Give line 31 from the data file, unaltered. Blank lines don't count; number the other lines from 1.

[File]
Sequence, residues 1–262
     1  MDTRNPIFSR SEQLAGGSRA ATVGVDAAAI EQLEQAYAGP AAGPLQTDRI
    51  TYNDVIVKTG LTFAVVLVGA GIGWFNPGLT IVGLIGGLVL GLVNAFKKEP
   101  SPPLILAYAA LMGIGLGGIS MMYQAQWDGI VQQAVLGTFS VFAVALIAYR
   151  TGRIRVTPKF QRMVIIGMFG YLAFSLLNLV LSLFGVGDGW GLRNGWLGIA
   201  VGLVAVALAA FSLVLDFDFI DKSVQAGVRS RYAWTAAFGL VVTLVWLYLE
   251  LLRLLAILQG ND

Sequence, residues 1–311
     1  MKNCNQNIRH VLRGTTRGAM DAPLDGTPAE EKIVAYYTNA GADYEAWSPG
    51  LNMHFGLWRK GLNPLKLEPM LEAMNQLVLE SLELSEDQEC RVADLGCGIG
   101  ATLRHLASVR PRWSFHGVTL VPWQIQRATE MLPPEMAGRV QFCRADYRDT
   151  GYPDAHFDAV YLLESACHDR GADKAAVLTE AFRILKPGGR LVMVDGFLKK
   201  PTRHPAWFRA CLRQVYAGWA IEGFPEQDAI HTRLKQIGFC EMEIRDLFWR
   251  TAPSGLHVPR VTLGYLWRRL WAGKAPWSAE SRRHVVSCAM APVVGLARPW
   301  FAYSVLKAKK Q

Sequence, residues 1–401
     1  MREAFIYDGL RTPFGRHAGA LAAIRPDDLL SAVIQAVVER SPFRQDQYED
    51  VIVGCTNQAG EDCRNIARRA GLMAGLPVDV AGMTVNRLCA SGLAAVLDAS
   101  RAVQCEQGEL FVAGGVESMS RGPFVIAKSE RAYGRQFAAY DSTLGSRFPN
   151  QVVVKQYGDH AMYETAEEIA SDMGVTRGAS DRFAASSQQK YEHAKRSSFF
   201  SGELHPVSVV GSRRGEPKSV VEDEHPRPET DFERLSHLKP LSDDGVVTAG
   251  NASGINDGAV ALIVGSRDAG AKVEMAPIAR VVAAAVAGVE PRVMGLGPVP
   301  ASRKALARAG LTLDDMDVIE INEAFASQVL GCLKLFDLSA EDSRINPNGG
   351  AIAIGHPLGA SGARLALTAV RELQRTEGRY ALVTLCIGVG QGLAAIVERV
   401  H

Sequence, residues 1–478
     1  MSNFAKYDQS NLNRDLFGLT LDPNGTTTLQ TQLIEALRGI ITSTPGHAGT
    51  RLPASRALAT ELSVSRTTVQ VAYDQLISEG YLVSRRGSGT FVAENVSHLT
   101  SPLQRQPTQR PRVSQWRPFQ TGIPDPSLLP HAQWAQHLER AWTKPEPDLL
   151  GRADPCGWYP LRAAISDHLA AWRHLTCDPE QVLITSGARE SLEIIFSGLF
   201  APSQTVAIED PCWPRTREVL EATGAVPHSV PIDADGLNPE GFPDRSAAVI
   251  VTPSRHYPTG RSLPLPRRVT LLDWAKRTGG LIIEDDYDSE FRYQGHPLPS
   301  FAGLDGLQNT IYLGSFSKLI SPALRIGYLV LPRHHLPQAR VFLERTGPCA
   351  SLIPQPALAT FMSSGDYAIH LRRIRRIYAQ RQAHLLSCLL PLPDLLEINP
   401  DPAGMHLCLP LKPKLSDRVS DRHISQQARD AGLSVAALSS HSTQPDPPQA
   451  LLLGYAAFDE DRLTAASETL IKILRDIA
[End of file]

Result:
   201  APSQTVAIED PCWPRTREVL EATGAVPHSV PIDADGLNPE GFPDRSAAVI